Ms Jhuti brought claims for detriment and automatic unfair dismissal on the grounds of whistle-blowing. An employment tribunal upheld her whistle-blowing detriment claim. However, the tribunal dismissed the automatic unfair dismissal claim on the basis that the dismissing officer did not know about the protected disclosures and so could not have been motivated by them.

There followed a series of appeals in which the tribunal's decision was initially overturned by the EAT and then reinstated by the Court of Appeal.  The Supreme Court has now clarified matters by agreeing with the EAT that Ms Jhuti's dismissal was automatically unfair on the ground of whistle-blowing.

This decision was on the basis that: "if a person in the hierarchy of responsibility above the employee determines that she (or he) should be dismissed for a reason but hides it behind an invented reason which the decision-maker adopts, the reason for the dismissal is the hidden reason rather than the invented reason".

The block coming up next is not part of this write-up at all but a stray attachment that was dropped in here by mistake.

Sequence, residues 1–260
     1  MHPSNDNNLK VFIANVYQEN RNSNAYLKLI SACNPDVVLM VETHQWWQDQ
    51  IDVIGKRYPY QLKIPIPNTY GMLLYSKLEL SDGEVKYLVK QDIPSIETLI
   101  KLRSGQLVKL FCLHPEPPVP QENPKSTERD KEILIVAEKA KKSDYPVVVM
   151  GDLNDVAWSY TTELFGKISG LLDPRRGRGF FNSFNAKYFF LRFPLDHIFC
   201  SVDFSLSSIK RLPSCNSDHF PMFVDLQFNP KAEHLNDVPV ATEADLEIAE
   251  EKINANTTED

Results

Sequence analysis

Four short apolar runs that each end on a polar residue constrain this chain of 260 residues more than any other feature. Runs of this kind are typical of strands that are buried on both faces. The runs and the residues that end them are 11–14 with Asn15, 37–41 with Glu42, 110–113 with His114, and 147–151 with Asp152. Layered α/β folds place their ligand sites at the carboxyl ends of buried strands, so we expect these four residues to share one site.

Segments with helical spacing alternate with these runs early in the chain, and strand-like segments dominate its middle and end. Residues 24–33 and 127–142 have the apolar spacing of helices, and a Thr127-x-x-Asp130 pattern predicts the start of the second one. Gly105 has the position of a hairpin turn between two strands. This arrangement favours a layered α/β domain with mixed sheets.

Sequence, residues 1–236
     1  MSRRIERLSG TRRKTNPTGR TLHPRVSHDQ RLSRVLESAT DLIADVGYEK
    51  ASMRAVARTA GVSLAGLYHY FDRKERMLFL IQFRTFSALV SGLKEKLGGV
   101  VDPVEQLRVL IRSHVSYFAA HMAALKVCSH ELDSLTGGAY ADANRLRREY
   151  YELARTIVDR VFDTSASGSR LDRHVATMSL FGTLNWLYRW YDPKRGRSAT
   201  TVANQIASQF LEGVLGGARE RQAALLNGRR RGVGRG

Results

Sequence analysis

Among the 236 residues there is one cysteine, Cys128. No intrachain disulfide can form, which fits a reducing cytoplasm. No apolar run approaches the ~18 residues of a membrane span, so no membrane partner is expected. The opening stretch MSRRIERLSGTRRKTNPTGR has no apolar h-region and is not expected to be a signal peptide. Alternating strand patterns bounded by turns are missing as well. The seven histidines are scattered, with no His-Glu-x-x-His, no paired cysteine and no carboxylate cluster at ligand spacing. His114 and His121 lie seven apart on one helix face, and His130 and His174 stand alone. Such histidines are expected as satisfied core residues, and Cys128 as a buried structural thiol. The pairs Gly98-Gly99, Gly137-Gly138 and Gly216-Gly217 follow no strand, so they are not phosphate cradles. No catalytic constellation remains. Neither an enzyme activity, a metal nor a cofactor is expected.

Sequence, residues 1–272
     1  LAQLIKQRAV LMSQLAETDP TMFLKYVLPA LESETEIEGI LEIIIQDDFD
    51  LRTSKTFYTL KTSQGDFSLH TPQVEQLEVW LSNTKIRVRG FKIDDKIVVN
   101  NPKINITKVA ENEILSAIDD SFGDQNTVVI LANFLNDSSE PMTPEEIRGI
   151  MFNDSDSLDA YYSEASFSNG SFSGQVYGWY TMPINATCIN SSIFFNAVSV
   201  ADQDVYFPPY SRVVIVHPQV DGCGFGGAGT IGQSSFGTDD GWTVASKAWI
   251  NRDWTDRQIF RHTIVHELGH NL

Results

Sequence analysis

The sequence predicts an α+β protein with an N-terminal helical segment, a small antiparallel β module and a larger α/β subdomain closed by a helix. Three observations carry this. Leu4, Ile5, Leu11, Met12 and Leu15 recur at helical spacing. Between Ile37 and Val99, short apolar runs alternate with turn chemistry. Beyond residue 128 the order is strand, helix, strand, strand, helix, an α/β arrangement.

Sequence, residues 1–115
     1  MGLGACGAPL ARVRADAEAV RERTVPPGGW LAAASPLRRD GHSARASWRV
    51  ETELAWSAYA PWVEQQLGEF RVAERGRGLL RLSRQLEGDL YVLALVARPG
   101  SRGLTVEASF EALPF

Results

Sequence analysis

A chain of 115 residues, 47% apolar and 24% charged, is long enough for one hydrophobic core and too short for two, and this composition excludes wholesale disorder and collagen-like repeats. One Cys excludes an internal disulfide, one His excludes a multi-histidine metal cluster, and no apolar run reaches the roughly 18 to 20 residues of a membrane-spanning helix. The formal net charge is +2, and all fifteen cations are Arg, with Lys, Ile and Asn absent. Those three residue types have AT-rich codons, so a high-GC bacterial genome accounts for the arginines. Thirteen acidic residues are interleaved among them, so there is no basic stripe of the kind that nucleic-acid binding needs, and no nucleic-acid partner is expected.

This is a very important decision which is relevant to all dismissal cases and not only those which involve whistle-blowing. Where an employee can show that the real reason for their dismissal was not a fair reason, even where that real reason was unknown to the dismissing officer, a tribunal can find the dismissal to be unfair. This will only be the case, however, where the person manipulating the dismissing officer or putting forward false evidence to the investigation is someone above the dismissed employee in the hierarchy of the organisation.  It would not apply, for example, where a colleague at the same level as the employee gave dishonest evidence to the investigation; although such a case might lead to a finding of an unfair process where the investigation was found to be inadequate in the circumstances.